And now, especially with natural language processing, this has reached a point, as you probably know from your cell phone, where it's really good. Speech recognition has gotten amazingly good, even in noisy environments. It's a whole new era.
The model that we have for computer vision is based on the camera, which is frame based. So when you're taking a video, it's really a sequence of frames with images and your brain then puts them together into a sequence and so you can see motion and recognize things that are moving. There's a new generation of cameras that are based on how your retina works. Your retina is actually a part of the brain, it's a little pouch on the back surface of your eye and through several layers of processing, it converts an image first into electrical signals and then into spikes.
The spikes flowing into the brain has coded information about things having to do with color, motion and time. How are things changing in time and the relative strengths, for example, on an edge where you have a change in contrast that's coded in spikes. You have all of that information. Now this train of spikes is asynchronous. Unlike a frame where you collect information over 30 or 40 milliseconds, you can send a spike at any time. And that means you can send out spikes as something occurs in the world within a millisecond or less. And the relative timing of the spikes carries a lot of information about where things are going - much more information than if you use a frame-based camera.
If you use the spike-based representation, it's call it a dynamic vision sensor. And what's nice about them is that they're very low power because they're only putting out these spikes. They are very sparse in the sense that if nothing's moving you actually don't get anything. You have to have motion. And it's very lightweight. It's the perfect thing for a robot, for example, because powering a robot is very expensive. If you can do vision with spikes instead of supercomputers, or GPUs, which is what is being used for deep learning, it's easier to be autonomous. And that's where we're headed.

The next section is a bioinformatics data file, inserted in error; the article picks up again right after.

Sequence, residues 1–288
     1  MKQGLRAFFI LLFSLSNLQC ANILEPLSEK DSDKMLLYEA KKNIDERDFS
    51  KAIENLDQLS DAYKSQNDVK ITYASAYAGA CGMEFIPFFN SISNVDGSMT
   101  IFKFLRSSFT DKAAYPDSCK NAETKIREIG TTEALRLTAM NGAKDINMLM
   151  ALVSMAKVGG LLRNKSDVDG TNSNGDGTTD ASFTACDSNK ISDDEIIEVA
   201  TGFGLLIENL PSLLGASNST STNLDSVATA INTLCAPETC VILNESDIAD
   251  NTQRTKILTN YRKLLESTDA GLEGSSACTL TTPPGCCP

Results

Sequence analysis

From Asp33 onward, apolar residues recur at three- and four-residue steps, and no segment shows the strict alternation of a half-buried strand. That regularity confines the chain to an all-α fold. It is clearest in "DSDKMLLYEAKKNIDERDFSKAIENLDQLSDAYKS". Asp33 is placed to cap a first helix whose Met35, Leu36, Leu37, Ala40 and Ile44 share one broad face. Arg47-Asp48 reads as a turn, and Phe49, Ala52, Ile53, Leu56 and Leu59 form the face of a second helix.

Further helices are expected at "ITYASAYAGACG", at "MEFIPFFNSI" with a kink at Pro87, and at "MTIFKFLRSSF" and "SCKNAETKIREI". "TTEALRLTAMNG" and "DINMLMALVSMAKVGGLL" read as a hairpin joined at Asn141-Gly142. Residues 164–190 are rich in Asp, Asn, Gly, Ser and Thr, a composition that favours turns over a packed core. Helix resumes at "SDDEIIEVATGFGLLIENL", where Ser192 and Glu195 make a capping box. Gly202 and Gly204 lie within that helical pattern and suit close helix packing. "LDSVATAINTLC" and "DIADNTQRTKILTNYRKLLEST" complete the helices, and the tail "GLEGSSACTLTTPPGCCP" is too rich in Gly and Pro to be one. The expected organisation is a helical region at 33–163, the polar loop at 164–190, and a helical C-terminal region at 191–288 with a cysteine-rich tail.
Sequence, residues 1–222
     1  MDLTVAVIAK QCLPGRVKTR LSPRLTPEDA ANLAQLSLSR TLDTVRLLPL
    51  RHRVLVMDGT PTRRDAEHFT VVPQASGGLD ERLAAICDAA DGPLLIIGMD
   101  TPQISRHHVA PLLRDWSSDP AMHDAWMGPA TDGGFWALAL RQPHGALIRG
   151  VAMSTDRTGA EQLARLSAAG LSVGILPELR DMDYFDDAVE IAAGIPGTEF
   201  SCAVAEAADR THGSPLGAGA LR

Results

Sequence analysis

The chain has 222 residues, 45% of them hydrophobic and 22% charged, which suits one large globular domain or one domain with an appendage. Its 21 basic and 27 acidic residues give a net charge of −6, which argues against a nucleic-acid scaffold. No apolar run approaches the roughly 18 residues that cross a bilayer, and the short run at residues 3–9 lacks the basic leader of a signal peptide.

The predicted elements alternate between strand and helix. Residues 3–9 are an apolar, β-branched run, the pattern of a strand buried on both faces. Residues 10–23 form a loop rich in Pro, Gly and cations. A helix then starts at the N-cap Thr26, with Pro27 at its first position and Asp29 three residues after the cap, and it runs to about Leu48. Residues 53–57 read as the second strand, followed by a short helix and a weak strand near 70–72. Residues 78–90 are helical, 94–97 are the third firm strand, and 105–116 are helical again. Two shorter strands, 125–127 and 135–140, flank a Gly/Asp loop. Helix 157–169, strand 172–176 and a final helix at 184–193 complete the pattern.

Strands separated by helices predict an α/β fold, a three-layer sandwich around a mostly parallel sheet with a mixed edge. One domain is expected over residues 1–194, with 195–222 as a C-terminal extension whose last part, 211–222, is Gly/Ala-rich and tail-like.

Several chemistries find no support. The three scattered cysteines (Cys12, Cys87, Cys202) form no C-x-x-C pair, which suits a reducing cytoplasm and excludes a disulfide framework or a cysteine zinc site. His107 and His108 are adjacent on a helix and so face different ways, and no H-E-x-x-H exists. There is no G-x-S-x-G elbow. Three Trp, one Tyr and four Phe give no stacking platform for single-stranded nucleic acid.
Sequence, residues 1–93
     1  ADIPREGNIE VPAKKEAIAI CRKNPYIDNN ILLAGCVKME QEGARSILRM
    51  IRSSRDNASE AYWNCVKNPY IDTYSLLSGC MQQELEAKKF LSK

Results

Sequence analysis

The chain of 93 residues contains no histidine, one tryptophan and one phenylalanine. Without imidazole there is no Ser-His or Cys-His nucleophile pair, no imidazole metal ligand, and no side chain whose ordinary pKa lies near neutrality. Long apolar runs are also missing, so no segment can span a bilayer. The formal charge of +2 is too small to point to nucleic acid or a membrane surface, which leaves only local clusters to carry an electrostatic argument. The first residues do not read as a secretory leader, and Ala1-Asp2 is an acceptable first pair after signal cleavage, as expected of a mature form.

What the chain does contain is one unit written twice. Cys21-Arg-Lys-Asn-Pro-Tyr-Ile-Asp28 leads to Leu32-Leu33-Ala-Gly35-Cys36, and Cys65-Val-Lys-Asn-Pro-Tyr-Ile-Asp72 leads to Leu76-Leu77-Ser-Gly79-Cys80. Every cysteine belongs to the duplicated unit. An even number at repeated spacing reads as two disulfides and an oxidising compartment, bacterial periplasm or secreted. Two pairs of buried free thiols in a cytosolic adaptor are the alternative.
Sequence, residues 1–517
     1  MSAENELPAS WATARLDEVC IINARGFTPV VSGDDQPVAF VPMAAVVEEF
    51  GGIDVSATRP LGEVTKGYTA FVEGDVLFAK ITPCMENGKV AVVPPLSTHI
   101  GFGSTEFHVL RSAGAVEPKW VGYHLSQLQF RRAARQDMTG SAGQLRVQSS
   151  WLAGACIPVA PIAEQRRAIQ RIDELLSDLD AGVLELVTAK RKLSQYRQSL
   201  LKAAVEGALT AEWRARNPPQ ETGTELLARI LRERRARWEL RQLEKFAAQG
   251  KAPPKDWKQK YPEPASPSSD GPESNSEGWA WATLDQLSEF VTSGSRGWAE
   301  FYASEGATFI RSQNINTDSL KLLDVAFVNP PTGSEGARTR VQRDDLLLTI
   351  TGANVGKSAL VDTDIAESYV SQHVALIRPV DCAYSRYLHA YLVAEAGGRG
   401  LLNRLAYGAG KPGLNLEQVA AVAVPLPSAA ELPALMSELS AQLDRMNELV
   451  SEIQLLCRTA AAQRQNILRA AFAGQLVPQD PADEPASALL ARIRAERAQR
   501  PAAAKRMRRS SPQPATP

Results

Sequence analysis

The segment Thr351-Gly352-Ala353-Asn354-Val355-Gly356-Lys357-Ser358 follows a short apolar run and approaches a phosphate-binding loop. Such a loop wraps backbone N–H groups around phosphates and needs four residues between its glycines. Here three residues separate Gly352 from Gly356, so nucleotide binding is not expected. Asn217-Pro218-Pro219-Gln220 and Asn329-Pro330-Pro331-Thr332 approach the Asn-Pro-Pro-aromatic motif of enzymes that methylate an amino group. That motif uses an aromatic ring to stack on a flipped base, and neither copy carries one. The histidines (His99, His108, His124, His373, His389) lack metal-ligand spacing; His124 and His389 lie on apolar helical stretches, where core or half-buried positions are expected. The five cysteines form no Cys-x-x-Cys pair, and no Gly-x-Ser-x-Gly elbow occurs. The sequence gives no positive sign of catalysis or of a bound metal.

Edge devices like your cell phone and your watch are computers and they're soon going to have deep learning chips in them. You have to have better batteries, but ultimately if you could replace the digital circuitry with some of these analog VLSI circuits, like a DVS camera, that is going to revolutionize the amount of computing you can do on board - in your hand.
Spikes are interesting. The neurons in the brain emit these spikes and they're all or none, they last about a millisecond. They're relatively slow compared to digital electronics. In that sense, they are analog. A digital chip has a clock and every cycle, every transistor is updated, so you have to have synchrony across the whole chip. Whereas these analog VLSI chips are asynchronous. So, every single model neuron can send a spike whenever it wants.
And these are then transferred up the road to the other chips through a digital line. So, it's a hybrid chip. It has analog processing, which is really cheap and not very accurate by the way, but that's okay. It turns out if you do a lot of parallel computations with a lot of elements and then integrate that information, you're better off. But to communicate between chips, just like the way the brain does, you have to convert it into a digital bus and send the information over using some protocol.